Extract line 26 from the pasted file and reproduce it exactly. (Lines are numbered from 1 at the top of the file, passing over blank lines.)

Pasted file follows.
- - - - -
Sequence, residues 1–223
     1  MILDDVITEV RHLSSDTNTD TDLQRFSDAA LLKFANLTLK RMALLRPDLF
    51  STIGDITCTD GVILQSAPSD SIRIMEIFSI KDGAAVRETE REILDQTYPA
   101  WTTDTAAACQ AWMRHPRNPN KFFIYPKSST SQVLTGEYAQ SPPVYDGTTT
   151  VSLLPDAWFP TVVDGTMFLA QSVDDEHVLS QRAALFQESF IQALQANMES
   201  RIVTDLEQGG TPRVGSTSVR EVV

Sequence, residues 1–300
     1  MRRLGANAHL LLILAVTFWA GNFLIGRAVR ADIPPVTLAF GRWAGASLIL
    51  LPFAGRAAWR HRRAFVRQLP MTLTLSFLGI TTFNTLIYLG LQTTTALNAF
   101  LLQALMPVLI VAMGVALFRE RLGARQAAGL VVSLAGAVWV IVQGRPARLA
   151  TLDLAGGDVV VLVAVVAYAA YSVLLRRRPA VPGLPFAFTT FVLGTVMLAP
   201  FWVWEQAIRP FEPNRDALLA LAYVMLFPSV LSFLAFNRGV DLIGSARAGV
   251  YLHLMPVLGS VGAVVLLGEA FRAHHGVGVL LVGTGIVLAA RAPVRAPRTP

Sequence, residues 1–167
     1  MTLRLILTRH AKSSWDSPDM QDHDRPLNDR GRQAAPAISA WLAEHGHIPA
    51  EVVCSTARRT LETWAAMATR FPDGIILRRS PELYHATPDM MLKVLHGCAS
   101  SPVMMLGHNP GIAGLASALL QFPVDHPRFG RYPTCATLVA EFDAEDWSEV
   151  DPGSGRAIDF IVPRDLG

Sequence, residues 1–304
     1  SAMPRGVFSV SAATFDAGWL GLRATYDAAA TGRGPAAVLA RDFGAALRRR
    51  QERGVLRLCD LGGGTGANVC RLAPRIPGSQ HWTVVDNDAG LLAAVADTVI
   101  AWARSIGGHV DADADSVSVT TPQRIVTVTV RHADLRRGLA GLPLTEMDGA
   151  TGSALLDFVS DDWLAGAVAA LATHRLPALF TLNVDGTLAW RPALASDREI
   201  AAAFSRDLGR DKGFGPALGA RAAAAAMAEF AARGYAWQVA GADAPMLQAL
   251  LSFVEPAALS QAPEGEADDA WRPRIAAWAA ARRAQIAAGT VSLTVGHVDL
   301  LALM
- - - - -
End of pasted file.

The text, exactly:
   301  LALM